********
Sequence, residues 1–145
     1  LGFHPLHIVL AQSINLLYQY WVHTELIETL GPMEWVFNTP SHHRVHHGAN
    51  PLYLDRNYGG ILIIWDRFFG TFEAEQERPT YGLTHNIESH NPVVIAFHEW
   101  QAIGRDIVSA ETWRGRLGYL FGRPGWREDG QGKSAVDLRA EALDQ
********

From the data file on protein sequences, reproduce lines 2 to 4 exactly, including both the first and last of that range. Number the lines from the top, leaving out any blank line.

     1  LGFHPLHIVL AQSINLLYQY WVHTELIETL GPMEWVFNTP SHHRVHHGAN
    51  PLYLDRNYGG ILIIWDRFFG TFEAEQERPT YGLTHNIESH NPVVIAFHEW
   101  QAIGRDIVSA ETWRGRLGYL FGRPGWREDG QGKSAVDLRA EALDQ